Much of the world got to know Carl Sagan through Cosmos: A Personal Voyage, the thirteen-part PBS series on the nature of the universe — and the intensity of Sagan’s own passion to discover that nature. First aired in 1980, it would become the most widely watched series in the history of American public television. But it’s not as if Sagan had been languishing in obscurity before: he’d been publishing popular books since the early 1970s, and 1977’s The Dragons of Eden: Speculations on the Evolution of Human Intelligence won him a Pulitzer Prize. When Cosmos made its impact, some viewers may even have remembered its host from a series of similarly themed broadcasts a decade earlier, The Violent Universe.
Produced by the BBC in 1969 and broadcast just three months before the Apollo 11 moon landing, The Violent Universe (viewable above) explains in five parts a range of discoveries made during the then-recent “revolution in astronomy,” including infrared galaxies, neutrinos, pulsars and quasars, red giants and white dwarfs.
In so doing it includes footage taken in observatories not just across the Earth — England, Puerto Rico, Holland, Californa — but high above it in orbit and even deep inside it, beneath the badlands of South Dakota. One installment pays a visit to Kōchi, the rural Japanese prefectural capital where guitarist-astronomer Tsutomu Seki makes his home — and his small home observatory, where he had worked to co-discover Comet Ikeya–Seki just four years before.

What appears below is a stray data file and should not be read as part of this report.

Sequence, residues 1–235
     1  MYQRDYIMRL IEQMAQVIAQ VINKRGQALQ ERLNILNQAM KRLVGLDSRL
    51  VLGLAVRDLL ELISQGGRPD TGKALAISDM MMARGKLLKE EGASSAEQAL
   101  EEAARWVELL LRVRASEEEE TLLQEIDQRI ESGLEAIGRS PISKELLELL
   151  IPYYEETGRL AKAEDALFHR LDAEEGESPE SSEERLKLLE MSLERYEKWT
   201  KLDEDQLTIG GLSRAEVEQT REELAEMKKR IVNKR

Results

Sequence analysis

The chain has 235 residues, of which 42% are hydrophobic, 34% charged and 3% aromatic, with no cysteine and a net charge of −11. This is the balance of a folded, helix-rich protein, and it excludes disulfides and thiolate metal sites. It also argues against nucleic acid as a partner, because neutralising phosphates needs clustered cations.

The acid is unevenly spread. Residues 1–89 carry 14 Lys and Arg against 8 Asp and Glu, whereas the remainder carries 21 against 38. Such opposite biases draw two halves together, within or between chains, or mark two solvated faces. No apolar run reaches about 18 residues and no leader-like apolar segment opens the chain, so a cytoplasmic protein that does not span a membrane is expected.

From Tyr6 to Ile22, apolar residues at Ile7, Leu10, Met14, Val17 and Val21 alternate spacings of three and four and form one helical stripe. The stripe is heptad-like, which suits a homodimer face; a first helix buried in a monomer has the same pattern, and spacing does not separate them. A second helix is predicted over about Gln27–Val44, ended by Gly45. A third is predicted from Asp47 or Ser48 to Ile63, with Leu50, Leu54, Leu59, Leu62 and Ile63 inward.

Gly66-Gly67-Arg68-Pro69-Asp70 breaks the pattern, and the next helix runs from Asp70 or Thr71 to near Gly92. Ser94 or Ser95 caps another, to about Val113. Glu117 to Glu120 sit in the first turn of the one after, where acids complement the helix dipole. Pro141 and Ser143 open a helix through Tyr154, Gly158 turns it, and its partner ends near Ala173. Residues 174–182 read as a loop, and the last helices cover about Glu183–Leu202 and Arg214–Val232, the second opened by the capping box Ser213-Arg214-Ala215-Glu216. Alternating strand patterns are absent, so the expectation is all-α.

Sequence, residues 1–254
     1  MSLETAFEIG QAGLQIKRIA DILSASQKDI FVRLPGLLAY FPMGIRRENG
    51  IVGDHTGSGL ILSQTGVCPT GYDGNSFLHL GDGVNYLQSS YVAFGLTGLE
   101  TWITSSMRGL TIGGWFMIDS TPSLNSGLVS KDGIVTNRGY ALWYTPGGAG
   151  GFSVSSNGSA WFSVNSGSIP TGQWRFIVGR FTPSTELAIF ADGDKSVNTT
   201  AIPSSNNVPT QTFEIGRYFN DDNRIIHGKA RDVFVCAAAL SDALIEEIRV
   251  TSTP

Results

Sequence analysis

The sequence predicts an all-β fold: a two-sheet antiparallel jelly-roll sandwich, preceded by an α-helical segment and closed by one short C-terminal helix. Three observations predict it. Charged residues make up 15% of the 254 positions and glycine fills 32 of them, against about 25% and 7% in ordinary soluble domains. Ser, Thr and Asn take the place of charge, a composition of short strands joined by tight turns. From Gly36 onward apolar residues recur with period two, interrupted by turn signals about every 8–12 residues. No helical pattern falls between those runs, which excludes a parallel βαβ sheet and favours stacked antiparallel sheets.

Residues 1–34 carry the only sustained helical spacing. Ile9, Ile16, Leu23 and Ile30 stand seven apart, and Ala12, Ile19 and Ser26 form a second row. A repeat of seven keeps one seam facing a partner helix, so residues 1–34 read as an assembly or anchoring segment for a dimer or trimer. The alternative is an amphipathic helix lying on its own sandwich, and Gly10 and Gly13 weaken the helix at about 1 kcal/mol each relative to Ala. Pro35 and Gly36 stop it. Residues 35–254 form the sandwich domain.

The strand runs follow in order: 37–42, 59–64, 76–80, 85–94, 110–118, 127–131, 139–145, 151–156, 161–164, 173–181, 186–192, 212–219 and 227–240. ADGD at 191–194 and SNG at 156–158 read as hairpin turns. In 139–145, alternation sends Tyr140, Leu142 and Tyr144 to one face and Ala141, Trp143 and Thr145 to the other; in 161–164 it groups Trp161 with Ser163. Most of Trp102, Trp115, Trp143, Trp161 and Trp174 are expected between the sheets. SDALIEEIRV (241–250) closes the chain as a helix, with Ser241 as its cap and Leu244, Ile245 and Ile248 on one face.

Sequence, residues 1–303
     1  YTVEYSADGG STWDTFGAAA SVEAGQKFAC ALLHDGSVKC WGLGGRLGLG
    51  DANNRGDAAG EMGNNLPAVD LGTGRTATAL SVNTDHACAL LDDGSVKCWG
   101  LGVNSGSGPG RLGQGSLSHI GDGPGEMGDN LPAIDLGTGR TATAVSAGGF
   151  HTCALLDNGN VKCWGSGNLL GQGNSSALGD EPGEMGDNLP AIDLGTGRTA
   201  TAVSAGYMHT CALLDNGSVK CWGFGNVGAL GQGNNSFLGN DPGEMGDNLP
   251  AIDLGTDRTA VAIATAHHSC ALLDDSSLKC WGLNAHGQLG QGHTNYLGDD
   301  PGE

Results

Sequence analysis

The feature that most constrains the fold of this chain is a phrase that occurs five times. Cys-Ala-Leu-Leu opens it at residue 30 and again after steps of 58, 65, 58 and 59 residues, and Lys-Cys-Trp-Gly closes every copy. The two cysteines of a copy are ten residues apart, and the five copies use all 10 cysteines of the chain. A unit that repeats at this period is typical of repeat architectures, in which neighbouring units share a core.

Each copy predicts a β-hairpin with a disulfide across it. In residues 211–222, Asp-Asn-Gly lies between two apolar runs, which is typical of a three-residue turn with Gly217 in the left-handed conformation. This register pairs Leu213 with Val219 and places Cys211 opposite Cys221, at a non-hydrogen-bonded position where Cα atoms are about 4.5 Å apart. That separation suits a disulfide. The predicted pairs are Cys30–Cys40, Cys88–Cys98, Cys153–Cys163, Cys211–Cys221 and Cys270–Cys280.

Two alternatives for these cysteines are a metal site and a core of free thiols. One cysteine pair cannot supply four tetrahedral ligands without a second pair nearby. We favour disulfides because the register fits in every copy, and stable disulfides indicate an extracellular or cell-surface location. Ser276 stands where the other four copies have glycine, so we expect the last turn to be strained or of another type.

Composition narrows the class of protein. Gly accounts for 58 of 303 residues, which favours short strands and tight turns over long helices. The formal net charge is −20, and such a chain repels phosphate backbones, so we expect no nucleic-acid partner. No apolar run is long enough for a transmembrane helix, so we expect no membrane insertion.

All of this international material — or rather interstellar material — is anchored in the studio by television journalist Robert MacNeil, later of PBS’ The MacNeil/Lehrer Report, and a certain professor of astronomy at Cornell University by the name of Carl Sagan. Despite exuding a more deliberate seriousness than he would in Cosmos, the young Sagan nevertheless explains the astronomical and astrophysical concepts at hand with a clarity and vigor that would have made them immediately clear to television audiences of half a century ago, and indeed still makes them clear to the Youtube audiences of today. Apart, perhaps, from its Twilight Zone-style theme music The Violent Universe has in its visual elements aged more gracefully than the 70s series that made Sagan into a science icon. And how many other other public-television documentaries about the universe include poetry recitations from Richard Burton?
Based in Seoul, Colin Marshall writes and broadcasts on cities, language, and culture. His projects include the Substack newsletter Books on Cities, the book The Stateless City: a Walk through 21st-Century Los Angeles and the video series The City in Cinema. Follow him on Twitter at @colinmarshall, on Facebook, or on Instagram.